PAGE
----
In Exp. 2, twenty female reindeer calves were taken from their natural ranges at the end of November. The reindeer were randomly allotted into 2 groups and offered a lichen-based diet (80% Cladina spp. and 20% Vaccinium myrtillus shrubs) ad lib. from arrival until the start of the experiment (day 1). One group (controls) was continuously offered the lichen diet throughout the experiment. During 8 days (days 1–8), the other group (group S) was given half of the daily amount of the lichen diet consumed during the ad lib. feeding, followed by one day of total feed deprivation (day 9). Thereafter, group S was fed grass silage ad lib. until day 22. It was not possible to find the same quality of silage for Exp. 2 as the one used in Exp. 1. Both silages contained mainly timothy (Phleum pratense), but the silage used in Exp. 1 had a higher DM content and was higher in protein but slightly lower in calculated metabolisable energy (ME) content than the silage used in Exp. 2 (Table 1). The hygienic quality of the silage and pellets used in Exp. 1 was good. Growth of Penicillium spinulosum was found in the lichens, while P. brevicompactum was found in the shrubs. The hygienic quality of the feeds used in Exp. 2 was not examined. Mineral blocks (Natura Slicksten, Suomen Rehu, Helsinki, Finland) were available in all pens and the animals had access to temperated water (about 10°C).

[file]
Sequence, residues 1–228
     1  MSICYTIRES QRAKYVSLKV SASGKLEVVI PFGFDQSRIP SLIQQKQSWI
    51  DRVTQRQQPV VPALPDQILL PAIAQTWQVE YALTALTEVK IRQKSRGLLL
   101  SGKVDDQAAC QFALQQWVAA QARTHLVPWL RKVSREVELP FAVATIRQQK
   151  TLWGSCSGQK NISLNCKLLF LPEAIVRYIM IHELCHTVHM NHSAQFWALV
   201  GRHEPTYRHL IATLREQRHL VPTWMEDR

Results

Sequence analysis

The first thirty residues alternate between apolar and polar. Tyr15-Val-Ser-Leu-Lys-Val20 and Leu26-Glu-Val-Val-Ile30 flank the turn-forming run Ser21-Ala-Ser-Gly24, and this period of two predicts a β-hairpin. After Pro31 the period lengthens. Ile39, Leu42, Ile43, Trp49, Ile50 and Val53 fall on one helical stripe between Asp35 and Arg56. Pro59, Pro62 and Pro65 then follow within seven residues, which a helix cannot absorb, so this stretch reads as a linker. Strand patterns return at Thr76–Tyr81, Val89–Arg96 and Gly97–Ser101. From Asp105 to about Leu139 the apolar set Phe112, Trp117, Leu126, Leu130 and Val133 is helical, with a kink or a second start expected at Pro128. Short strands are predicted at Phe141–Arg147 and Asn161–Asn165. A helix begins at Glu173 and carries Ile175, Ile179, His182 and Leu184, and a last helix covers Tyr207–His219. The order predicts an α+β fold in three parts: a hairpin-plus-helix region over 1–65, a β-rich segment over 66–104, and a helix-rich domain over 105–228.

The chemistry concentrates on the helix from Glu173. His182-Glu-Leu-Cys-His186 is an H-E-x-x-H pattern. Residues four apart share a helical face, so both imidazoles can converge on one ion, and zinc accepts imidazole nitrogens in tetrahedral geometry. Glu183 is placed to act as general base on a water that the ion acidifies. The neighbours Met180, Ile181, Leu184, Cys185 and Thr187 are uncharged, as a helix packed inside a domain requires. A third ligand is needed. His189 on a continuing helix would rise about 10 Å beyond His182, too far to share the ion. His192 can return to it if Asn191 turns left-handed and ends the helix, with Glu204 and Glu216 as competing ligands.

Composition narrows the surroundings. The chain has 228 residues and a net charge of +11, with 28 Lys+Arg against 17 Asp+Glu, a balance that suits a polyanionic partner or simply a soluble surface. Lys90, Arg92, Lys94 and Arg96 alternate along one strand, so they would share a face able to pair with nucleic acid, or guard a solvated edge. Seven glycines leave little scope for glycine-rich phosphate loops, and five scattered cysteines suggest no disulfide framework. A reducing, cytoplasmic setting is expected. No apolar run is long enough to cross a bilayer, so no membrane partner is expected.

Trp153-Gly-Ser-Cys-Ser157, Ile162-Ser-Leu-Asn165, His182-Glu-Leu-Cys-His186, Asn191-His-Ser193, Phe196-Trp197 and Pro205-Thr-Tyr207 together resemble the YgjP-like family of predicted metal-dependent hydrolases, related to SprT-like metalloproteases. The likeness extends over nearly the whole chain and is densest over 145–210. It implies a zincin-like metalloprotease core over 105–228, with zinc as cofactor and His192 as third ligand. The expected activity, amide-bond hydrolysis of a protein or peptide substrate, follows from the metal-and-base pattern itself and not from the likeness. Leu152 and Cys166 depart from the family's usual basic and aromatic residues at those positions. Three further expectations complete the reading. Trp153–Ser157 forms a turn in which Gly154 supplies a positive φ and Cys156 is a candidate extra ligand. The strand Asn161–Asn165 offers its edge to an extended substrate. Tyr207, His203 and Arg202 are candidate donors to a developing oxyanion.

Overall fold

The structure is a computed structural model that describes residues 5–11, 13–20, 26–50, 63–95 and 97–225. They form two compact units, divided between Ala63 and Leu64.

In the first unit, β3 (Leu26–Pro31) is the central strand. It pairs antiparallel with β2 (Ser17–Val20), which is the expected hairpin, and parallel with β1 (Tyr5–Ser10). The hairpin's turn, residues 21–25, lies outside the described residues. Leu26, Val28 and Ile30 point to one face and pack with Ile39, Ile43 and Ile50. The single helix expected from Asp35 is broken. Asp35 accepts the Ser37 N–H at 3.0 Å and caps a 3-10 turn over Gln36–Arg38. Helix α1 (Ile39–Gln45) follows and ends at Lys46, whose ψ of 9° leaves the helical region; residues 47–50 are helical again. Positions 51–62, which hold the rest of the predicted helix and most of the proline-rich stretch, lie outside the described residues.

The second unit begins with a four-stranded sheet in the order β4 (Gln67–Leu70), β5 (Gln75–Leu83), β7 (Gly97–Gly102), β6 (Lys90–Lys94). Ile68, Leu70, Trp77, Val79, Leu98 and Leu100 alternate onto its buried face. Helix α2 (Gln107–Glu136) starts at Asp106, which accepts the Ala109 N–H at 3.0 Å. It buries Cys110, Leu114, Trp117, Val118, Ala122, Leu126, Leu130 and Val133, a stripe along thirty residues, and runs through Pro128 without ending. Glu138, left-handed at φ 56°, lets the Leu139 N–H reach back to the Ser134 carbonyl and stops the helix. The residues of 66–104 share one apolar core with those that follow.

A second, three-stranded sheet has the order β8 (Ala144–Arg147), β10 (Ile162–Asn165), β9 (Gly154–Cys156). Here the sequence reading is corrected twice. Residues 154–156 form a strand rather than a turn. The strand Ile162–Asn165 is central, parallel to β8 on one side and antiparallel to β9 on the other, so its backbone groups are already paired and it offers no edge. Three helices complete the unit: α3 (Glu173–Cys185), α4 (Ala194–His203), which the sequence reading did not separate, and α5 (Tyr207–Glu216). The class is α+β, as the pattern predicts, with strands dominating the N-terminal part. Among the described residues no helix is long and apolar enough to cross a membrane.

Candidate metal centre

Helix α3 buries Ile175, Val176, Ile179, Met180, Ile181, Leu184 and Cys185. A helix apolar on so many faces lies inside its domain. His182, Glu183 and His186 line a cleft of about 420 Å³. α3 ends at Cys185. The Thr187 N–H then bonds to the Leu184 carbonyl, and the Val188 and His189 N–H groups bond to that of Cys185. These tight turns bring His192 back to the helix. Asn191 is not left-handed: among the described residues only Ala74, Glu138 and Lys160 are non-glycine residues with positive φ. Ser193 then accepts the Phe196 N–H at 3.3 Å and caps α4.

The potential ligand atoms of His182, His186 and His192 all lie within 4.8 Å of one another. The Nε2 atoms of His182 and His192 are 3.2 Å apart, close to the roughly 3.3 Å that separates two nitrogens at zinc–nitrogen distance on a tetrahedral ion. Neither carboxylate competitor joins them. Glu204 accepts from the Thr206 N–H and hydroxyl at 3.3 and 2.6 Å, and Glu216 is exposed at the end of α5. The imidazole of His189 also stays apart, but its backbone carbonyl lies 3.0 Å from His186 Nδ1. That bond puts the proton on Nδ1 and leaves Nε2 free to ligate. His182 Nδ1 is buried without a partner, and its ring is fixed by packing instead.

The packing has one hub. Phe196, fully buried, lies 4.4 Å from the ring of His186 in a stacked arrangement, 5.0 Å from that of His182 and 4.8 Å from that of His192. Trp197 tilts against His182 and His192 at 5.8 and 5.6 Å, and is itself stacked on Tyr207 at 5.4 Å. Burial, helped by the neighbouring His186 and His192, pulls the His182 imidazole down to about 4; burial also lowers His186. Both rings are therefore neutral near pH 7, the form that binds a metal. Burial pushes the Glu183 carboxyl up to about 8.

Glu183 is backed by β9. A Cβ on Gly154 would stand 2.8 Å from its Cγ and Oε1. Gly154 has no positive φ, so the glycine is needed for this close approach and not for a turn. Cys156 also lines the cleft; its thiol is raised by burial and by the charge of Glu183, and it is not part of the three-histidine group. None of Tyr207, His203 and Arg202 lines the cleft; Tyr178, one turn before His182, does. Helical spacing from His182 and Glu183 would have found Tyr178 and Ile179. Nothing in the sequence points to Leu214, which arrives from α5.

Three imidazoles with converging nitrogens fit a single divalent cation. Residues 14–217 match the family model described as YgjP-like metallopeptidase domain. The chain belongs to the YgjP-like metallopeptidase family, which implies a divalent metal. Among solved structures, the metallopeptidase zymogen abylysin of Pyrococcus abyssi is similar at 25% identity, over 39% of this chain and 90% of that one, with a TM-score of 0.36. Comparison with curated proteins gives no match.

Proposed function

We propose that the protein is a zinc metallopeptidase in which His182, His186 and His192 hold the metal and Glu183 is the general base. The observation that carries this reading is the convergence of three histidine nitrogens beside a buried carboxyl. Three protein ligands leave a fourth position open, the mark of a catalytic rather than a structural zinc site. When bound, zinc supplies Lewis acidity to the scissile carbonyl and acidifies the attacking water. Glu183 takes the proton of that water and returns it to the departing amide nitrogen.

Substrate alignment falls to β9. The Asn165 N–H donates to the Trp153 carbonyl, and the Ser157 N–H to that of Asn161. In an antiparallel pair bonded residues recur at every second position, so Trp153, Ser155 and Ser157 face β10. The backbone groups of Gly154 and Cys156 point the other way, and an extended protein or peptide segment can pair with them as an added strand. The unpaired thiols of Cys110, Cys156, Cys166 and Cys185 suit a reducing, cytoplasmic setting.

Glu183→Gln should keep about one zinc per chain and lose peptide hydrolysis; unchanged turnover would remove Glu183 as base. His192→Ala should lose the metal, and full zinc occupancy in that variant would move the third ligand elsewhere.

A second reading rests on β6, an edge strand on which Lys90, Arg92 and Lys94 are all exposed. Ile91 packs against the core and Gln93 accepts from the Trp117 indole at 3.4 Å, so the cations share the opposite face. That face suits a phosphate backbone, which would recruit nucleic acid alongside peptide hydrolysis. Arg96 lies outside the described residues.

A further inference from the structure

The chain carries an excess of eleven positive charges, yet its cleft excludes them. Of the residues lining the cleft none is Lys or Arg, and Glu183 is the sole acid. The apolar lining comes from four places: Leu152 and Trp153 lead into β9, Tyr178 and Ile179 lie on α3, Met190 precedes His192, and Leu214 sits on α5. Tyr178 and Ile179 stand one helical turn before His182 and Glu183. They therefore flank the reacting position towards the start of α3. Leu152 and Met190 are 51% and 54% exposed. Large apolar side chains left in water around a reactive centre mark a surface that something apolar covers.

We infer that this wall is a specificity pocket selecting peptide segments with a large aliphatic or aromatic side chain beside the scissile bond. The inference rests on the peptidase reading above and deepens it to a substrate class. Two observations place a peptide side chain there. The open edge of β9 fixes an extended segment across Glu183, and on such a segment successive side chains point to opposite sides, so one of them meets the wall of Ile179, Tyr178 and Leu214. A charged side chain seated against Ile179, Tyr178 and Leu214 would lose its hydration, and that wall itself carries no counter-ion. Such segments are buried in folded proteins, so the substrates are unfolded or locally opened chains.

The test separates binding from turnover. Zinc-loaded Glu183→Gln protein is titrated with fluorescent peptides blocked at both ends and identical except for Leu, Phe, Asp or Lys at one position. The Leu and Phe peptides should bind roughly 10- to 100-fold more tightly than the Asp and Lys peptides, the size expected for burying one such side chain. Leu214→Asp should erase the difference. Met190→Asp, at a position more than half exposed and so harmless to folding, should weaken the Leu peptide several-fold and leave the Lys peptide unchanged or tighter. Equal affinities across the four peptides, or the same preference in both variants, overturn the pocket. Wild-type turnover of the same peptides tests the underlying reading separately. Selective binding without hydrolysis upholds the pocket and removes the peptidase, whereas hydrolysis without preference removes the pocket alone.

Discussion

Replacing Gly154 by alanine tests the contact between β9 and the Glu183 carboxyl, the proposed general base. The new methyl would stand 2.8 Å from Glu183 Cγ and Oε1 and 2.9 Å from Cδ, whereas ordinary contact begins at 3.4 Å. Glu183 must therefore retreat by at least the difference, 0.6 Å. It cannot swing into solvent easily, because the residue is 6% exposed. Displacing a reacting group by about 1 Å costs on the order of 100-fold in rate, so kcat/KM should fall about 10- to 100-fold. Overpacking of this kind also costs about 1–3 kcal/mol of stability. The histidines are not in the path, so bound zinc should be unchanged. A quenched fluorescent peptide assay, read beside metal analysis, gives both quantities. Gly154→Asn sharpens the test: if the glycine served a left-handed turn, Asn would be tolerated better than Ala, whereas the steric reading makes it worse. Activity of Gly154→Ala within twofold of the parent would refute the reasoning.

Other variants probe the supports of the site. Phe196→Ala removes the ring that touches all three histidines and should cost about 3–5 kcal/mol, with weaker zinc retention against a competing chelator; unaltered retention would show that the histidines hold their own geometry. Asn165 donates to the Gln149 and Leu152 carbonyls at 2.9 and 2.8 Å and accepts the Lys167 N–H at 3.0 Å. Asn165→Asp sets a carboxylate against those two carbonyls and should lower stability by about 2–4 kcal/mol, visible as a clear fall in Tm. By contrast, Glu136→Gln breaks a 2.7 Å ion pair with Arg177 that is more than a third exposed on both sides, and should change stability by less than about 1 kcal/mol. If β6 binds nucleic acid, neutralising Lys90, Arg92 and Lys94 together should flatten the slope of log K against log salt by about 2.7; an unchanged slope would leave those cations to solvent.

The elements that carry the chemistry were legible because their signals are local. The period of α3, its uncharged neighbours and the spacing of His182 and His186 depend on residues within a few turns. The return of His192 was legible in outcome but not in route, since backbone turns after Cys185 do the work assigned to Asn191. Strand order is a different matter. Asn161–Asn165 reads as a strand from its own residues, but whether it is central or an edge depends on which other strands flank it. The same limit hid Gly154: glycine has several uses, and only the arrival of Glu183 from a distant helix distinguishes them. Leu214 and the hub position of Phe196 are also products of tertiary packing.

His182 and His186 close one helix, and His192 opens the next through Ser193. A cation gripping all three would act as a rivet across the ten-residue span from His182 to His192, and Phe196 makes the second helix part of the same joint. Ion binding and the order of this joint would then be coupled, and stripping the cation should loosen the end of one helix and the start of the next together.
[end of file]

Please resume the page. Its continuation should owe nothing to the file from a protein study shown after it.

Table 1

Dry matter (DM), chemical composition and calculated metabolisable energy (ME) in lichens (Cladina spp.), shrubs (Vaccinium myrtillus), leaves (Salix spp.), grass silage and reindeer pellets used in Exp. 1 and 2.







DM (%)

   Exp. 1






   Exp. 2




Crude protein (% in DM)

   Exp. 1






   Exp. 2




Water-soluble carbohydrates (% in DM)

   Exp. 1






   Exp. 2




Calculated ME (MJ kg -1 DM)

   Exp. 1






   Exp. 2




Sampling and slaughter routines

In Exp. 1, blood samples were taken 1 or 2 times per week from 5 animals per group. Additional blood samples were taken from reindeer that got wet. Four reindeer that were later observed wet (Nos. 8, 23, 25 and 33) were not included among the animals that were blood sampled from the start. In Exp. 2, all animals were blood sampled 3 or 4 times a week. Body weight and rectal temperature were measured simultaneously and the sampling routine was the same in both experiments [17].